happy easter. i hope everyone has been having a good long weekend. mine has been pretty spiffy. hooray for spending bunny-related holidays with your partner in smoo, i say. hooray!
my easter present to you has nothing to do with easter at all. shocking, i know. instead, it has to do with two albums i feel have been misunderstood, underrated and unjustly neglected.
anyone who knows me probably won’t be surprised to learn that my favourite beatle is john lennon. i’m not in love with everything he did post-beatles (mind games and walls and bridges contain as much filler as greatness, and there’s the matter of those “experimental” albums he made with yoko ono…), but you can’t deny that the guy was always completely honest in his music and did whatever he wanted to do, regardless of what was popular. beyond all those great beatles songs, plastic ono band will always be one of the greatest albums ever recorded in my book (try to find something anywhere near as raw, powerful, visceral, and yet still melodic and strangely accessible within the pop/rock pantheon…and, when you can’t, check out ringo’s drumming and klaus voorman’s bass playing, and marvel at the fact that this is one of the tightest rhythm sections anyone ever had), imagine isn’t far behind, and even some of the man’s tossed-off home demos are better than most people’s A-level material.
he also had a distinctive voice that you can’t really confuse with anyone else’s, and one of the best screams of all time. anyone who can write both something as simple and beautiful as “love” and something as vicious and cathartic as “i found out” (which, along with “well well well”, kind of sounds like proto-grunge) — and then put them on the same album — is not your average artist. he was a very imperfect man, but he was honest about that too, and how many rock stars can you say that about? if there’s any justice in the world, mark david chapman will eventually be paroled and released from prison, and then he will be horribly mutilated and killed in the most painful, horrifying way possible moments after savouring his first taste of freedom in decades, by an army of angry lennon fans still pissed off about the most ludicrous and avoidable of assassinations committed by an insane imbecile piece of shit.
i think we need john now more than ever. he’d have some wonderfully blunt and on-target things to say about the state of the music industry if he was still alive, and i’d be willing to bet he’d still be making some pretty great music, even if we’d have to put up with half an album of yoko ono songs now and then.
nothing against anyone who’s a yoko ono fan…i just haven’t got into most of her stuff, though i do think “walking on thin ice” is pretty wicked, not to mention way ahead of its time. john’s lead guitar playing on that track (said to be the last thing he recorded, just before his death) is skull-shaking, unhinged, and unlike anything he’d ever done before. i’ve been meaning to pick up some of yoko’s early albums because they’re supposed to be pretty out-there and interesting, and john’s guitar-playing is supposed to be similarly daring. someday i’ll get around to it. i read a quote once from john where he said something to the effect of, “i’m really not a very skilled guitar player, but i know how to make a guitar speak.” for me, that’s exactly the stuff that makes a skilled guitar player. he may not have played like joe satriani, but he was able to make the guitar say what he needed it to say, and that’s enough.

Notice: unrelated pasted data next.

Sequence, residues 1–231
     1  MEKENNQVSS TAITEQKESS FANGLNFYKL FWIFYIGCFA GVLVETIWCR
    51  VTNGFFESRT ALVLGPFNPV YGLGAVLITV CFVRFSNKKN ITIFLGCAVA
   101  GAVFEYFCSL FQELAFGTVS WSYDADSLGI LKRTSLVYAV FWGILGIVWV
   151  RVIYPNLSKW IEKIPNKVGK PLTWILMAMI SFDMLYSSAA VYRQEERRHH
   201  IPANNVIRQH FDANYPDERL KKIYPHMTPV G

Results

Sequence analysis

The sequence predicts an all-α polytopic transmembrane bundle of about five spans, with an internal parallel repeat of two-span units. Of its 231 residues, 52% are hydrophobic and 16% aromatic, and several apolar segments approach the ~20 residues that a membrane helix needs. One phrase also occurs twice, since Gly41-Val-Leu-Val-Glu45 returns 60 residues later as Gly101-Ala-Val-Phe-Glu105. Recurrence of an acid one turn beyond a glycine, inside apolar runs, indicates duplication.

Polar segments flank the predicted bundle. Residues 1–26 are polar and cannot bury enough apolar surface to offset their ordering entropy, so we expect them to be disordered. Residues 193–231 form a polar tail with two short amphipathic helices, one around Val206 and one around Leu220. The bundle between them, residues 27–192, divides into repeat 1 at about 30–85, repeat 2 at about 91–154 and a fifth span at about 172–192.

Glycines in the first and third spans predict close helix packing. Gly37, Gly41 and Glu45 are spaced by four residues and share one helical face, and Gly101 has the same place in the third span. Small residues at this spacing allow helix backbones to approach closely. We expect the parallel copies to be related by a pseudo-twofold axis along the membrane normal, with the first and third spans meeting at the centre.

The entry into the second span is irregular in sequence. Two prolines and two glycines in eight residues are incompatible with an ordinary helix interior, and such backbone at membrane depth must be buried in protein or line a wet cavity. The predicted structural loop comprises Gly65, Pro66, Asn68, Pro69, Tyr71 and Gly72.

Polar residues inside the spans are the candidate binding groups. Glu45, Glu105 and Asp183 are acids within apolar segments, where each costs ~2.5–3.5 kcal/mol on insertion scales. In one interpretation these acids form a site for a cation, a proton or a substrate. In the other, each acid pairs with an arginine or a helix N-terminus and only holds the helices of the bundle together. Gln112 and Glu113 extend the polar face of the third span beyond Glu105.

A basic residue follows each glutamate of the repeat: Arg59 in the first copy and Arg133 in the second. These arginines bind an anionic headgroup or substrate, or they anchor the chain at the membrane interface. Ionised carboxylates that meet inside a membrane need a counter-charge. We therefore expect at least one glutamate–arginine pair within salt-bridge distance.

having said that, this isn’t about john. it’s about paul.
i don’t think anyone can argue against paul’s work with the beatles being pretty mind-boggling, or that john and paul kind of completed one another as songwriters, even when they weren’t actually writing songs together anymore. they needed each other. i don’t think any serious beatles fan would argue against that idea, anyway. i’d wager that there isn’t a single bad beatles album…they just live in different ranges of greatness. don’t get me wrong; i’m not a fanatic who goes around telling everyone, “the beatles are the best band evarrrrr, and ur stupid if you disagree, omg lol oasis r such playjerists.” the beatles are not my favourite band in the universe (i don’t even know what my favourite band in the universe is, to tell the truth). i just don’t think there’s a bad beatles album, and after help! i don’t think there’s a beatles album that isn’t great in one way or another.
paul’s solo career is another story altogether. i think this is where he gets the reputation for being the “sappy” beatle who writes trite, cloying love songs and little else. yes, he’s made some pretty foul albums. but so did john. so did george. so too, for the love of yellow submarines, has ringo. no solo beatles career could match the consistency or the invention of what they had done as a group, but i think a case can be made for paul’s post-beatles career possibly being the most diverse and rewarding. you certainly couldn’t want for variety…he’s gone just about every musical place you can imagine at one point or another, short of death metal and countrified hip-hop.